l-Methamphetamine and selective MAO inhibitors decrease morphine-reinforced and non-reinforced behavior in rats; Insights towards selegiline's mechanism of action
He S, Grasing K.
Substance Abuse Research Laboratory,
Kansas City Veterans Affairs Medical Center,
4801 Linwood Boulevard, Kansas City,
MO 64128, United States.
Pharmacol Biochem Behav. 2006 Dec 6;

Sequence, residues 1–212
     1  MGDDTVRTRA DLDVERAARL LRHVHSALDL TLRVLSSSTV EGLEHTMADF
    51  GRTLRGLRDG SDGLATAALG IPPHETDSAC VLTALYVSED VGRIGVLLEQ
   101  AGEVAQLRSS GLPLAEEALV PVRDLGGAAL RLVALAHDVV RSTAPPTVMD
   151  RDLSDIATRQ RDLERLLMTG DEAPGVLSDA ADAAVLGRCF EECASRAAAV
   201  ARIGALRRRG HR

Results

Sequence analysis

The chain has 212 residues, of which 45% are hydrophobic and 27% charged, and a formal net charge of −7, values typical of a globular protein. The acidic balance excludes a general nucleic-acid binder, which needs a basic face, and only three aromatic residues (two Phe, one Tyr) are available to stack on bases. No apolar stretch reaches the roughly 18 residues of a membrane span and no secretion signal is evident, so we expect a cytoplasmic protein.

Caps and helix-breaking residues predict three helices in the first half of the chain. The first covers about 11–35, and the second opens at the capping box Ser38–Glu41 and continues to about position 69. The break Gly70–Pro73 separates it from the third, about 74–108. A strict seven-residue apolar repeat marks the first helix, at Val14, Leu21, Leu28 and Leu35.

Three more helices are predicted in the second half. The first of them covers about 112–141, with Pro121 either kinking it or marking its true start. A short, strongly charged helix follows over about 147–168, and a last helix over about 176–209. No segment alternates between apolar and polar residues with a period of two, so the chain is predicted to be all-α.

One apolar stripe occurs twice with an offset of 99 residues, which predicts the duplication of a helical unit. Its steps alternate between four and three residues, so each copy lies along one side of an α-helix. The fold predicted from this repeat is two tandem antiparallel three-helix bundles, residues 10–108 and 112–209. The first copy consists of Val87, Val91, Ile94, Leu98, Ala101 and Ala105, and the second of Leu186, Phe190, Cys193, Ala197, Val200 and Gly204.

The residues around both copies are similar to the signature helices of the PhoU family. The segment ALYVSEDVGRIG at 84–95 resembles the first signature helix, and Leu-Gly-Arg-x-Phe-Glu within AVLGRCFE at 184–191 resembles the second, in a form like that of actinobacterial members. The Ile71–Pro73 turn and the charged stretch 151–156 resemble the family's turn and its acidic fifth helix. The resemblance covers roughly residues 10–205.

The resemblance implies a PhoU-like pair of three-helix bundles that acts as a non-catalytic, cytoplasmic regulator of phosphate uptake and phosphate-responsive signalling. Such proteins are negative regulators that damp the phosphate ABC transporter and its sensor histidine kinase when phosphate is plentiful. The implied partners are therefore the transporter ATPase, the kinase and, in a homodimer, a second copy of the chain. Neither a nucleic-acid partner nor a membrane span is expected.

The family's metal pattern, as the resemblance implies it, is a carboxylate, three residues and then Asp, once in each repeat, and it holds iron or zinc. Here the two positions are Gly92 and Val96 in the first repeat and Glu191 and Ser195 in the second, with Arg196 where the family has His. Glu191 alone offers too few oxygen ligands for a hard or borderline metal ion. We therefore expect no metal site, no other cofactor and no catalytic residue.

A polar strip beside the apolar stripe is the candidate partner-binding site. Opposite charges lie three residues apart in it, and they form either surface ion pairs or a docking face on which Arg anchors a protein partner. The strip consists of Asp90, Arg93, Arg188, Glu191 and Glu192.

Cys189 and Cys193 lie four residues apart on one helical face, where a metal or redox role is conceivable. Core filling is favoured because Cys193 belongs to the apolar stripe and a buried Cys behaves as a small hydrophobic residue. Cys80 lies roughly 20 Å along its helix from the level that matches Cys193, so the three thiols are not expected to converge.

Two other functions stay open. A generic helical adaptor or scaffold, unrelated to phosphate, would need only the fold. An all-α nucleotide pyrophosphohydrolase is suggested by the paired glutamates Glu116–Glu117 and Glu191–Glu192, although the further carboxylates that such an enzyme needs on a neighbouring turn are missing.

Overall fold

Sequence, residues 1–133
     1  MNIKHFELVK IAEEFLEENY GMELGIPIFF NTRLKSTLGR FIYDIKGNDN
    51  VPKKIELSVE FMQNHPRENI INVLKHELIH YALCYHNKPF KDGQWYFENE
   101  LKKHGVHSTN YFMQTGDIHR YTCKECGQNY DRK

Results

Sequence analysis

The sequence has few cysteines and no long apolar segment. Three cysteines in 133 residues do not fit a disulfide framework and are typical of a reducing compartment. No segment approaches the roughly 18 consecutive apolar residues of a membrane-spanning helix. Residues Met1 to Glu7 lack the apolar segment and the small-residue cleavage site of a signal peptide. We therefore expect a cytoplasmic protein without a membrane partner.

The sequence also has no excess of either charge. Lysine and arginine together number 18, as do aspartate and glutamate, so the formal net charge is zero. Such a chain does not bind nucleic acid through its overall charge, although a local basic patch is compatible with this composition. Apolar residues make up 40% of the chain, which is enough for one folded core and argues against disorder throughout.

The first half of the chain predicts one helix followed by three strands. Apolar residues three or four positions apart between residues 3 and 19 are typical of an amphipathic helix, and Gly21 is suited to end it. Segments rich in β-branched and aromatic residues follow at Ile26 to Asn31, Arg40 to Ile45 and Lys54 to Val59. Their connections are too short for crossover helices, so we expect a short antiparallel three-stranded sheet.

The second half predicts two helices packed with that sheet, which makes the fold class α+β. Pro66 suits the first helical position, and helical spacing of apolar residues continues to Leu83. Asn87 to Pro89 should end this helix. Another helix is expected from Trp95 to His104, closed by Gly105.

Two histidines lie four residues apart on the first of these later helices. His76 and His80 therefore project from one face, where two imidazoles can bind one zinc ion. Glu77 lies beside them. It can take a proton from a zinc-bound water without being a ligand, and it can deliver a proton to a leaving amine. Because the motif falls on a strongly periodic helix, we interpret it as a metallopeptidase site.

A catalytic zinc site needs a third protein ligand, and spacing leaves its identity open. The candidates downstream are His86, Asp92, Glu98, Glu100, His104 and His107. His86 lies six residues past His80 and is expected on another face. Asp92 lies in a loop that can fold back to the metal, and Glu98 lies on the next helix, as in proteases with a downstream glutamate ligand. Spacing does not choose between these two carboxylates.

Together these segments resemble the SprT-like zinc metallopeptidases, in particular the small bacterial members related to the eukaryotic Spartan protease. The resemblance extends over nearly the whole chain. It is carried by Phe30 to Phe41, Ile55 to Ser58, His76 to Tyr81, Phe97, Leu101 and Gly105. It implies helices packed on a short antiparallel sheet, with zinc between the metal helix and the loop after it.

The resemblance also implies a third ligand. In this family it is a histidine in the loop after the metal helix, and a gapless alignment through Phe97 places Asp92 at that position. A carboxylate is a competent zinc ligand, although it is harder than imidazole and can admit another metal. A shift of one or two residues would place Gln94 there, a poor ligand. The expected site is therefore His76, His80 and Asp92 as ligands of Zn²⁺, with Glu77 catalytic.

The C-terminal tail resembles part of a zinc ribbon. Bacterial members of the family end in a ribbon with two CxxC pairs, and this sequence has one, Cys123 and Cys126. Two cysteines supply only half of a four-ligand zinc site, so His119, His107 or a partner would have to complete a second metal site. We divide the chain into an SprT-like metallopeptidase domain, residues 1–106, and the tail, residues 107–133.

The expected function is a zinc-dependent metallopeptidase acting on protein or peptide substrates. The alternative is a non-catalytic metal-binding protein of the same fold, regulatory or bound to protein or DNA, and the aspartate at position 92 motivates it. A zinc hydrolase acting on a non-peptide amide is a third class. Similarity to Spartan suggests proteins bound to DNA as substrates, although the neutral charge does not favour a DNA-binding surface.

ABSTRACTSelegiline is an inhibitor of type B monoamine oxidase (MAO) with psychostimulant effects that can decrease morphine-reinforced and non-reinforced responding. The present study was undertaken to compare the effects of MAO inhibition and treatment with l-methamphetamine, the major psychostimulant metabolite of selegiline, on these behaviors. After rats acquired a stable pattern of morphine self-administration under a progressive ratio schedule, chronic treatment was initiated with vehicle, l-methamphetamine, clorgyline (a selective inhibitor of MAO-A), or rasagiline (a selective inhibitor of MAO-B); with both MAO inhibitors administered at a dose selective for one MAO isoform and a higher dose that inhibited both isoforms. Rats were evaluated for up to four cycles of opiate dependence maintained by morphine self-administration and withdrawal during which extinction responding was recorded. Most behavioral measures (92.4%) did not differ in animals evaluated during an initial and subsequent cycles of dependence and withdrawal. All active treatments attenuated non-reinforced responding during extinction. Morphine reinforcement was also decreased by each of the three active treatments, but greater and more prolonged effects were observed following inhibition of MAO-B with rasagiline. Responding during either cue- or morphine-induced reinstatement was attenuated by either clorgyline or rasagiline administered at nonselective doses, but not by either compound administered at selective dose levels. Treatment with l-methamphetamine did not produce significant effects on cue-induced reinstatement, but decreased non-reinforced responding during morphine-induced reinstatement. These findings indicate that morphine reinforcement and different non-reinforced behaviors differ greatly in their susceptibility to modification by psychostimulant treatment or MAO inhibition.
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